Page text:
DeKalb Education Scholarship Fund benefits 26 graduates
Jennifer Ffrench-Parker | 5/24/2013, 3:14 p.m.
DeKALB COUNTY Twenty-six DeKalb students are headed this fall to colleges and universities with a total of $130,000 from the newly created DeKalb County Education Scholarship Fund to help pay for their education.
Each student got a check for $5,000, good for tuition, books and other school expenses.
At a May 14 awards ceremony in Fernbank Museum of Natural History’s Great Hall overlooked by life-size replicas of dinosaurs, museum CEO Susan Nugent told scholarship recipients who are graduating this week that everyone is proud of their determination to build a better world.
“The community stands behind you and is expecting great things of you,” she said.
The scholarships were the inaugural awards from the fund created by DeKalb CEO Burrell Ellis with $5,000 he won from the National Association of Counties.
Ellis said he could have given five students $1,000 each or 10 students $500 each.
Instead, he called on the DeKalb Chamber of Commerce, businesses and organizations asking them to match his $5,000 and help more graduates.
“We decided to take it and multiply it and ask our partners for help,” he said. “Everybody we called said the same thing – yes. We don’t do this alone. This is the power of partnership.”
Those stepping up to the plate to support the education fund included Siemens Corp., NACo, Agnes Scott College, APD Solutions, Chick-fil-A Foundation, Coca-Cola Refreshments, Crawford Investment Counsel, Earnest Partners LLC, the Edgar Lomax Co., Emory University, Fernbank Museum of Natural History, Fuqua Development, GAMCO Asset Management, Gas South, Georgia-Pacific Foundation, Georgia Piedmont Technical College, Georgia Power, Hewlett-Packard, Kaiser Permanente, the Kroger Co., Montag and Caldwell, The Champion Newspaper, Newell Rubbermaid Inc., Oglethorpe Power, Piper Jaffray, PNC, Publix Charities, Selig Enterprises, Silverman Construction Program Management, SunTrust Banks Inc., UPS, Walmart, and Wells Fargo.
Scholarships will be awarded annually.
Ellis, chamber board Chair Arnie Silverman, and DeKalb Schools interim Superintendent Michael Thurmond presented the awards to the high school seniors who are headed to two- and four-year colleges, universities and vocational training programs in the fall.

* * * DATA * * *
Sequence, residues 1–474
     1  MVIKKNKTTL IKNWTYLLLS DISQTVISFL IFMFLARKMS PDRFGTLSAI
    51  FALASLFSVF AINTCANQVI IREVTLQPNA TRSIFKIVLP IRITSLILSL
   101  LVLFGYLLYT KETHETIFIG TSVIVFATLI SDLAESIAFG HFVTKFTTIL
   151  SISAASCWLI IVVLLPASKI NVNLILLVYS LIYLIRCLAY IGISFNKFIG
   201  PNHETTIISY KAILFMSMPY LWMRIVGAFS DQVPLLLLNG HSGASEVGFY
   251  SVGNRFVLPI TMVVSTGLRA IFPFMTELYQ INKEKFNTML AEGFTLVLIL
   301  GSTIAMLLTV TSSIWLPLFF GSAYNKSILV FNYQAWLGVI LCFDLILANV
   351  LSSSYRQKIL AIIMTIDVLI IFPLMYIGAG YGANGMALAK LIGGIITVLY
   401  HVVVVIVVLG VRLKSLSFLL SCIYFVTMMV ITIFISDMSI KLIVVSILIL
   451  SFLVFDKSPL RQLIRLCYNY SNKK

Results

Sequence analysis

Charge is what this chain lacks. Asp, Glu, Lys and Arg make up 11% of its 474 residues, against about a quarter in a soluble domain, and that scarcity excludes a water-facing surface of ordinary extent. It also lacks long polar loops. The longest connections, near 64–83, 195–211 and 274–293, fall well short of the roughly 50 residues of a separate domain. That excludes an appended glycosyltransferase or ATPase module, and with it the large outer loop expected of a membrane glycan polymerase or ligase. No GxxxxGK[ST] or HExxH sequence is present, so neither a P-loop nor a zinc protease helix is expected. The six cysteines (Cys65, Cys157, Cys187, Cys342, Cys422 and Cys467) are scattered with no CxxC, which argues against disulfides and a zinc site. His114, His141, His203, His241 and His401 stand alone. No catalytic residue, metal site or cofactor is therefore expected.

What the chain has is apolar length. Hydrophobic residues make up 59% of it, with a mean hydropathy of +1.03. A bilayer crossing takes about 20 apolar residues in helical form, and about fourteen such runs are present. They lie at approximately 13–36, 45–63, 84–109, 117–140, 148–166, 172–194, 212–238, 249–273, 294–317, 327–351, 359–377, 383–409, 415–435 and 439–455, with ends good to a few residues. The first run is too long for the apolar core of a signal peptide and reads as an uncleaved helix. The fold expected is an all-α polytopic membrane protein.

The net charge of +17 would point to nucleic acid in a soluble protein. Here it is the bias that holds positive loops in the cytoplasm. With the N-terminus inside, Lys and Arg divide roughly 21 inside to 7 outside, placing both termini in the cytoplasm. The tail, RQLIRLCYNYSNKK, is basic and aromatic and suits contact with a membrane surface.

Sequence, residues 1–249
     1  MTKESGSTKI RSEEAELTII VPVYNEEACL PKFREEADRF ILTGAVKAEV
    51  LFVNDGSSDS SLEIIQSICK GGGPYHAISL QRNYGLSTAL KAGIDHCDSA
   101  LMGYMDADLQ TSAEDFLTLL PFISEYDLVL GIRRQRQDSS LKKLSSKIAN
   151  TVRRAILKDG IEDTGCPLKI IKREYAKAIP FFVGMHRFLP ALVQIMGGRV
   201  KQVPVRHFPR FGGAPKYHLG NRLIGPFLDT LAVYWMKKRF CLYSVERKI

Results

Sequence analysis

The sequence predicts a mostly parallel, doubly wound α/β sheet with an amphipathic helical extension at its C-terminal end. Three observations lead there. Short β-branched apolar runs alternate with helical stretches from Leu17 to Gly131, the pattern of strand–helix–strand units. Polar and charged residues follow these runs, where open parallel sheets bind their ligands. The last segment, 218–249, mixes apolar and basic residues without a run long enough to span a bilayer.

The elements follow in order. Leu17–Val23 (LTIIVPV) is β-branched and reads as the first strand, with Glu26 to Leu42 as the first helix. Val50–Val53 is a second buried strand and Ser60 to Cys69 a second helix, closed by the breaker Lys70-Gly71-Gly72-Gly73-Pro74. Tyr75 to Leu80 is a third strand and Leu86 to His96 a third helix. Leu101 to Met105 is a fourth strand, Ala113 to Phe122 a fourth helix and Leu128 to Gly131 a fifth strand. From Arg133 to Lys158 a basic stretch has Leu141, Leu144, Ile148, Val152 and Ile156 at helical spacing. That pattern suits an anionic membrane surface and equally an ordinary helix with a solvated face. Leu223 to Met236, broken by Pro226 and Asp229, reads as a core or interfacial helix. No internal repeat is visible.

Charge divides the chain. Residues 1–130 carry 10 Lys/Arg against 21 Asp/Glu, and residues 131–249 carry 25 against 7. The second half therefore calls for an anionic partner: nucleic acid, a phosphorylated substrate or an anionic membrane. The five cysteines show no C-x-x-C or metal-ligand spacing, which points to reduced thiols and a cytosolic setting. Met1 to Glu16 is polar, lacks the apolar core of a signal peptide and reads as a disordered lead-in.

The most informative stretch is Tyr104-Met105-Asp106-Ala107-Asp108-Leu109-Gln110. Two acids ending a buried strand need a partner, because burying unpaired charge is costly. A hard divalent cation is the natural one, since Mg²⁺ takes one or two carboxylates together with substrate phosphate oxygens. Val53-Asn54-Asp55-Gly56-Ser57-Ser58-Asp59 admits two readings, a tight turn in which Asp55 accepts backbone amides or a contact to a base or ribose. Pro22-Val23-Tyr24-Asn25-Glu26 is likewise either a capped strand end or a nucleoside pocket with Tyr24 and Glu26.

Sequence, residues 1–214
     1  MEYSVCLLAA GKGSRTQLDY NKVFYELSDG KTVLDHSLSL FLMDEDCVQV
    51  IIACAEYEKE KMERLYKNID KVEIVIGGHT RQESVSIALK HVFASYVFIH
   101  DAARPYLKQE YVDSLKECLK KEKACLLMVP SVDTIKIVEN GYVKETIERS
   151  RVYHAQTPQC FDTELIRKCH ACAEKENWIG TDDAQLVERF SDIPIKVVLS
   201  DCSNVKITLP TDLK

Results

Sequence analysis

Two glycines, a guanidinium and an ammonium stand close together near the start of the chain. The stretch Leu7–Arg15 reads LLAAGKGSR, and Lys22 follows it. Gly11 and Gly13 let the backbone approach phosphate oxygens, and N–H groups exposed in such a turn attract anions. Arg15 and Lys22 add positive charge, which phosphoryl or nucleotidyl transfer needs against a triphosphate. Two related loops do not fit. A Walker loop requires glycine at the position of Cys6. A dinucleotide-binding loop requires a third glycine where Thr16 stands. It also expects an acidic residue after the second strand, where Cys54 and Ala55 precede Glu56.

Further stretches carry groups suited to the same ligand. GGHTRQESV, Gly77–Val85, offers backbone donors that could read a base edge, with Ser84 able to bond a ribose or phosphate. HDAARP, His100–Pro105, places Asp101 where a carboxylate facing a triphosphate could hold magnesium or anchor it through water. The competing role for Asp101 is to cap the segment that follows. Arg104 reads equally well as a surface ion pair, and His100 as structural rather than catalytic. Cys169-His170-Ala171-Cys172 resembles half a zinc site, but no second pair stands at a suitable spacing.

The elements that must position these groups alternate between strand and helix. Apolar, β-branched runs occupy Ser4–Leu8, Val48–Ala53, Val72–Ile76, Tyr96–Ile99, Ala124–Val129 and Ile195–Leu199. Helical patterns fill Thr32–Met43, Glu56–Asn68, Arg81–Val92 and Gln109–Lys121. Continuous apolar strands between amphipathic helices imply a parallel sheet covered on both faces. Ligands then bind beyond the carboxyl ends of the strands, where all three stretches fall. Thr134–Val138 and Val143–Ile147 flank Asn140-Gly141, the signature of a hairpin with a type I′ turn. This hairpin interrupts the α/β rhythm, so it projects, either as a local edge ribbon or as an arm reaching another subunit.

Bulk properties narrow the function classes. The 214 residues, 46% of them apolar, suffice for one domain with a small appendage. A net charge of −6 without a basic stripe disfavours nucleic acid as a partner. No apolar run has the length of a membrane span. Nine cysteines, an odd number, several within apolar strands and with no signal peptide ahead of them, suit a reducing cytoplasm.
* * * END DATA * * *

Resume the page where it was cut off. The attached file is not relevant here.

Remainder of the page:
Among the recipients are Southwest DeKalb resident valedictorian Coreyonna Welch, who battled ovarian cancer during her first and second semester; Lakeside High graduate Erin Shyr, who founded a nonprofit to help kids; and Tucker High’s Ramon Johnson, who has completed 300 hours of community service.
The recipients come from 19 DeKalb high schools and will attend colleges from Georgia Piedmont in Clarkston to Boston University and FAMU. Their studies will include business, political science, nursing, engineering, music, criminal justice, premed, psychology, biology, chemistry and computers.
More than 135 seniors applied for the opportunity. Awards were based on financial need and merit.
Thurmond said he is extremely proud of the students who sacrificed much and worked so hard to become successful during their educational careers.
“They are the best and the brightest and they represent the next generation of leaders who’ve transformed this county, this state, and this nation, and even the world,” he said.
Silverman said that neither government nor businesses can do it all.
“So by working together, I believe that we leverage those efforts and give some kids an opportunity that they never would have had,” he said.
Silverman, who is CEO of Decatur-based Silverman Construction, sponsored the $5,000 scholarship awarded to Miller Grove graduate Willie James Moody, who will be studying engineering at Campbell University in Buies Creek, N.C. He said the scholarships help students get funding and help companies create potential employees.
“It’s a win-win for everyone,” Silverman said.
Ellis said he was led to create the scholarship fund because every year the county gets calls from distressed parents seeking money to send their kids to college.
“This year we answered the call 26 times,” he said.